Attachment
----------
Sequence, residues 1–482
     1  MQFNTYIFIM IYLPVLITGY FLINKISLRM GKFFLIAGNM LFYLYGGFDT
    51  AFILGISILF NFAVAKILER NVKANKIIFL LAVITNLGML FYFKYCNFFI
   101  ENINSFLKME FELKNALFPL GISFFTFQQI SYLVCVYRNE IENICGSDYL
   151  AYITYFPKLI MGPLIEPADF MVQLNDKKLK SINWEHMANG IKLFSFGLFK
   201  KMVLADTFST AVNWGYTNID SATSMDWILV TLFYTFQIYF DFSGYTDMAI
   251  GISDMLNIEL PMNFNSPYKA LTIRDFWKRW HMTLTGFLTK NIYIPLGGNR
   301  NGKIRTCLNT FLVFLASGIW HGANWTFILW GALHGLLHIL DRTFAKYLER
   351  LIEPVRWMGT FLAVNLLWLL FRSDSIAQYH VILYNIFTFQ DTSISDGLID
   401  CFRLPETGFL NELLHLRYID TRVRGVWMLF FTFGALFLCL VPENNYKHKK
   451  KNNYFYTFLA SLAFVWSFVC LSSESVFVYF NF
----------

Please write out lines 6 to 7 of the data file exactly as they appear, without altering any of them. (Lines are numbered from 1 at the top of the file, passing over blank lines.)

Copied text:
   201  KMVLADTFST AVNWGYTNID SATSMDWILV TLFYTFQIYF DFSGYTDMAI
   251  GISDMLNIEL PMNFNSPYKA LTIRDFWKRW HMTLTGFLTK NIYIPLGGNR